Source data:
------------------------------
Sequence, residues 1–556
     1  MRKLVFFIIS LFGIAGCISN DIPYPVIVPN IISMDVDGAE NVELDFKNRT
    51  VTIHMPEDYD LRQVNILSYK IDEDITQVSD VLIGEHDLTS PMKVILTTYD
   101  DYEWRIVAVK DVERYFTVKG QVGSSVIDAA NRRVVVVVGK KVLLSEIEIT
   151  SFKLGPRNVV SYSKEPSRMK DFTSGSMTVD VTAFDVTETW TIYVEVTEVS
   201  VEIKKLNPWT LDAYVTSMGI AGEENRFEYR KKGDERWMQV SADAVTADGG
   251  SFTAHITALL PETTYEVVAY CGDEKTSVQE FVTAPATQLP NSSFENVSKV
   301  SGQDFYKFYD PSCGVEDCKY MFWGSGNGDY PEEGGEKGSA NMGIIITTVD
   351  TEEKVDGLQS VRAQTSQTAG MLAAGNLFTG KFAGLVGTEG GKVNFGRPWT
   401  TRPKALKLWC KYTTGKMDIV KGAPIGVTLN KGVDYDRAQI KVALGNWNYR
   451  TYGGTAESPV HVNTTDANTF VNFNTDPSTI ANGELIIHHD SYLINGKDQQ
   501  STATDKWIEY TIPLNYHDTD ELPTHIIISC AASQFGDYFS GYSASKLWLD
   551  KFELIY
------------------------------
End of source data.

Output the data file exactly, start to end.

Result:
Sequence, residues 1–556
     1  MRKLVFFIIS LFGIAGCISN DIPYPVIVPN IISMDVDGAE NVELDFKNRT
    51  VTIHMPEDYD LRQVNILSYK IDEDITQVSD VLIGEHDLTS PMKVILTTYD
   101  DYEWRIVAVK DVERYFTVKG QVGSSVIDAA NRRVVVVVGK KVLLSEIEIT
   151  SFKLGPRNVV SYSKEPSRMK DFTSGSMTVD VTAFDVTETW TIYVEVTEVS
   201  VEIKKLNPWT LDAYVTSMGI AGEENRFEYR KKGDERWMQV SADAVTADGG
   251  SFTAHITALL PETTYEVVAY CGDEKTSVQE FVTAPATQLP NSSFENVSKV
   301  SGQDFYKFYD PSCGVEDCKY MFWGSGNGDY PEEGGEKGSA NMGIIITTVD
   351  TEEKVDGLQS VRAQTSQTAG MLAAGNLFTG KFAGLVGTEG GKVNFGRPWT
   401  TRPKALKLWC KYTTGKMDIV KGAPIGVTLN KGVDYDRAQI KVALGNWNYR
   451  TYGGTAESPV HVNTTDANTF VNFNTDPSTI ANGELIIHHD SYLINGKDQQ
   501  STATDKWIEY TIPLNYHDTD ELPTHIIISC AASQFGDYFS GYSASKLWLD
   551  KFELIY